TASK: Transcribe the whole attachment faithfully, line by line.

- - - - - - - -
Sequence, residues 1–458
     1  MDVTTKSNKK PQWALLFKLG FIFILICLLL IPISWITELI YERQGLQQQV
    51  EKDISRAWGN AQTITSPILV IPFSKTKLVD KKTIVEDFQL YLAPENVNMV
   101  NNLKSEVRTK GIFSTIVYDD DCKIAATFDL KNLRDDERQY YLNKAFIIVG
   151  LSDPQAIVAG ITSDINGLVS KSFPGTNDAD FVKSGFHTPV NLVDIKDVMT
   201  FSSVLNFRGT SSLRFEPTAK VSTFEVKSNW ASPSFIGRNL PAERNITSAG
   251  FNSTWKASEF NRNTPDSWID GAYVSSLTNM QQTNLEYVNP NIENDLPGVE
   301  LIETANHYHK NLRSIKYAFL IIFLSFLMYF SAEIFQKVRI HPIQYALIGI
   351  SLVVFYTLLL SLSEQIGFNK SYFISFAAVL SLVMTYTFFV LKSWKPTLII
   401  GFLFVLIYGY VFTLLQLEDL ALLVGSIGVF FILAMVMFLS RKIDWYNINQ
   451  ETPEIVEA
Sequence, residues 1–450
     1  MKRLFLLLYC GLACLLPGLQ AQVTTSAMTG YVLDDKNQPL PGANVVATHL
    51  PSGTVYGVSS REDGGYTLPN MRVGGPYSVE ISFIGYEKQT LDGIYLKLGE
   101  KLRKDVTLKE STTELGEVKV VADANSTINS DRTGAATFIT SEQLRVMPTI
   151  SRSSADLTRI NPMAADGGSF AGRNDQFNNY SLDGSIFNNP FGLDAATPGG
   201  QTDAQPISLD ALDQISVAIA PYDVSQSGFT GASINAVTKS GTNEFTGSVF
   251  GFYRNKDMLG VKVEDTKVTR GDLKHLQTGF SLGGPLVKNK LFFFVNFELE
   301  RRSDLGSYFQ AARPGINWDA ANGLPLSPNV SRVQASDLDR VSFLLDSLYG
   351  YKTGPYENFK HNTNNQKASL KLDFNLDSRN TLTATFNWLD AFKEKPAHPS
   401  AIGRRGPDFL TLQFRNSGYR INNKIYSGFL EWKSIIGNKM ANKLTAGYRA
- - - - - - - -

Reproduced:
Sequence, residues 1–458
     1  MDVTTKSNKK PQWALLFKLG FIFILICLLL IPISWITELI YERQGLQQQV
    51  EKDISRAWGN AQTITSPILV IPFSKTKLVD KKTIVEDFQL YLAPENVNMV
   101  NNLKSEVRTK GIFSTIVYDD DCKIAATFDL KNLRDDERQY YLNKAFIIVG
   151  LSDPQAIVAG ITSDINGLVS KSFPGTNDAD FVKSGFHTPV NLVDIKDVMT
   201  FSSVLNFRGT SSLRFEPTAK VSTFEVKSNW ASPSFIGRNL PAERNITSAG
   251  FNSTWKASEF NRNTPDSWID GAYVSSLTNM QQTNLEYVNP NIENDLPGVE
   301  LIETANHYHK NLRSIKYAFL IIFLSFLMYF SAEIFQKVRI HPIQYALIGI
   351  SLVVFYTLLL SLSEQIGFNK SYFISFAAVL SLVMTYTFFV LKSWKPTLII
   401  GFLFVLIYGY VFTLLQLEDL ALLVGSIGVF FILAMVMFLS RKIDWYNINQ
   451  ETPEIVEA
Sequence, residues 1–450
     1  MKRLFLLLYC GLACLLPGLQ AQVTTSAMTG YVLDDKNQPL PGANVVATHL
    51  PSGTVYGVSS REDGGYTLPN MRVGGPYSVE ISFIGYEKQT LDGIYLKLGE
   101  KLRKDVTLKE STTELGEVKV VADANSTINS DRTGAATFIT SEQLRVMPTI
   151  SRSSADLTRI NPMAADGGSF AGRNDQFNNY SLDGSIFNNP FGLDAATPGG
   201  QTDAQPISLD ALDQISVAIA PYDVSQSGFT GASINAVTKS GTNEFTGSVF
   251  GFYRNKDMLG VKVEDTKVTR GDLKHLQTGF SLGGPLVKNK LFFFVNFELE
   301  RRSDLGSYFQ AARPGINWDA ANGLPLSPNV SRVQASDLDR VSFLLDSLYG
   351  YKTGPYENFK HNTNNQKASL KLDFNLDSRN TLTATFNWLD AFKEKPAHPS
   401  AIGRRGPDFL TLQFRNSGYR INNKIYSGFL EWKSIIGNKM ANKLTAGYRA